By Leda E. Beltran
First published in the Philippine Daily Inquirer, October 28, 2018
Enterprising couple Ruben and Trina Flores share a fascination for leather, and this spurred them into putting up their own leather bag business.
It all started in 2008 as a birthday gift idea, and something of a dare between the couple who were still dating at that time.
Ruben proudly told Trina that he would make a custom bag for her birthday. Trina dared him to go ahead.
He went to Marikina to buy leather and cut it according to the design he had in mind.
However, they hit a dead end when it came to sewing it into a finished product.
There were no local makers up to the task; it was either a factory set-up that accepted only orders in bulk, or smaller shops that were limited to doing repair on leather goods, not creating new ones, narrated Ruben.
For three years, the cut leather simply sat in their studio. That is, until 2011, when Trina came across the work of a Japanese entrepreneur outside of Tokyo who created bags throughout the year, then sold them in an annual exhibit.
Hoping to learn the tricks of the trade, Trina quickly ordered the entrepreneur’s book, which arrived after a long wait of about five to six weeks.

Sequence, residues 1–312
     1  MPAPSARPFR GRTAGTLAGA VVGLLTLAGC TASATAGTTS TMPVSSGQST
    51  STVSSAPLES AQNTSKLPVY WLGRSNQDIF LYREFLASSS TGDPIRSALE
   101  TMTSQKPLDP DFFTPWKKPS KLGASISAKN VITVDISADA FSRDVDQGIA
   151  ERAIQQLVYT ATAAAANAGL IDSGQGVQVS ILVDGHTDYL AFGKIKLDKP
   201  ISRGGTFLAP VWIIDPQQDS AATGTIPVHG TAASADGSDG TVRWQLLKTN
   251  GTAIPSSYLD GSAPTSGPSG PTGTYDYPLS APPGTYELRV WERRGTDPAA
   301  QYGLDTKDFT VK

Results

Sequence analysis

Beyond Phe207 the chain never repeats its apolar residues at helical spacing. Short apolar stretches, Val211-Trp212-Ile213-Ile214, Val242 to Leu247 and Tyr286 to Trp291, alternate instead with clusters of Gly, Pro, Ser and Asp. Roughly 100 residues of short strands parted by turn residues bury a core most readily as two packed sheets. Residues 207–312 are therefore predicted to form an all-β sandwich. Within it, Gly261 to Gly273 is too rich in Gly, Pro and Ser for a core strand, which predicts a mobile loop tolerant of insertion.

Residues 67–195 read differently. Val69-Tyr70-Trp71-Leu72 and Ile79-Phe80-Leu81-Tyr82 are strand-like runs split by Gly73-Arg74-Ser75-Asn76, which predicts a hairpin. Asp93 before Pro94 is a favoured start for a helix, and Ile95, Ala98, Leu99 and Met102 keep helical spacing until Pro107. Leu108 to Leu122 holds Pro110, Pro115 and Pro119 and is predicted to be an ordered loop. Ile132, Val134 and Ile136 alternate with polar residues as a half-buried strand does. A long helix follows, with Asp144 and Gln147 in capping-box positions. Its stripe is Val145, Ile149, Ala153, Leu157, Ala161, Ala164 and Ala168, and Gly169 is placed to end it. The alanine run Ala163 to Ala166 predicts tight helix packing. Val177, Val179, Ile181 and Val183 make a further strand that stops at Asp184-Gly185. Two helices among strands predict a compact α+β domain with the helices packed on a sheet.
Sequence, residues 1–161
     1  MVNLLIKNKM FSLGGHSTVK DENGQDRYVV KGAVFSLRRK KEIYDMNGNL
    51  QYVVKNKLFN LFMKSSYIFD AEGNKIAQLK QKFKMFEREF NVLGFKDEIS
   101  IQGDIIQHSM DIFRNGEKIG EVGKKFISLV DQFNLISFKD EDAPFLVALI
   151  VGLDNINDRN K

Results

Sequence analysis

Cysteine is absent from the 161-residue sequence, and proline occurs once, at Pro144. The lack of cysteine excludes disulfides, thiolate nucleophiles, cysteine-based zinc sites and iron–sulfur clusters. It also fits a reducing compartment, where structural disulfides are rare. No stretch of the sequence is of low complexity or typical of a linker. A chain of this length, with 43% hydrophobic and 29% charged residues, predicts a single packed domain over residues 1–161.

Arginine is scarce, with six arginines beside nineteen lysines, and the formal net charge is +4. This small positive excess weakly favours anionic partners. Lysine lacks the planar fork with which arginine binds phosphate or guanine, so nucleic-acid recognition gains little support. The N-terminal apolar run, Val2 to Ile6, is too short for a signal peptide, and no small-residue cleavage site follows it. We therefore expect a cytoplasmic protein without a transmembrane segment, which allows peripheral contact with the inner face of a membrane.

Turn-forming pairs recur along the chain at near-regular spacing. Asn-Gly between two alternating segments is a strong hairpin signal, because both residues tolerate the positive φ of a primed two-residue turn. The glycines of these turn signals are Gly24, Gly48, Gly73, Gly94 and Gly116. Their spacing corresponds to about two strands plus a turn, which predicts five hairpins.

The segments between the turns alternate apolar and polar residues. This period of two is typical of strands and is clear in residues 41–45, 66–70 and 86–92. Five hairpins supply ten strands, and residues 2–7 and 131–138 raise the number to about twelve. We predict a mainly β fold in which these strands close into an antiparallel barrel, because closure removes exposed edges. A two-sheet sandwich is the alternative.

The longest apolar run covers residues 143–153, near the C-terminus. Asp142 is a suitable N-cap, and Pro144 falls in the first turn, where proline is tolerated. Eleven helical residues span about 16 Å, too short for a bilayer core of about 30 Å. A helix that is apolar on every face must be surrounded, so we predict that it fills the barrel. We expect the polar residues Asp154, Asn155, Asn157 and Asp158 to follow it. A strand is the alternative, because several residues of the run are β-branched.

Although everything was written in Japanese, it was highly visual, much like a DIY sewing magazine, and even provided a pattern.
This marked the first lesson in Trina and Ruben’s education on leather bag creation.
Still, it was no easy road to starting a business. Essential to this endeavor are the tools necessary to come up with a finished product.
At that time, most tools were for leather shoes, so everything they did was trial and error.
“We ended up making do with what was available … What was exciting about it was that great urge for understanding it. We wanted to do this properly,” Trina recalled.
With this mindset, the couple started off with a dozen pieces, with the first item derived from the book.
After the first piece, Ruben said they were empowered to explore the craft on their own. They credit their alma mater, the College of Fine Arts of the University of the Philippines in Diliman, for their work ethic and discipline.
Ruben has a Bachelor of Arts degree in Industrial Design while Trina graduated with a degree in Studio Arts, major in Painting.
The first public exposure of Bags by Rubbertree was at the 10A Alabama Handmade Arts & Crafts Fair held in Quezon City in November 2012.
They created 12 major pieces and 20 card cases for the arts and crafts pop-up store.
For this, Ruben and Trina started with three rolls of leather worth P6,000.
Functionality and simplicity are primary design considerations.
Bags by Design
From then on, they decided to continue with their bag production, but still on a scale they are comfortable with.
All products of Bags by Rubbertree are hand-cut and hand-stitched by the couple, and their two assistants.
Currently, their leather items are classified into these categories: Small Stuff, Travel Bags, Totes, Backpacks, Messengers, Sling bags, Camera bags and Suede, with a numbered logo tag stitched on each item.
In a week, given enough leather to work with, the Bags by Rubbertree team can produce about 10 totes and five satchels or two big backpacks.
Functionality and simplicity are primary considerations in their designs.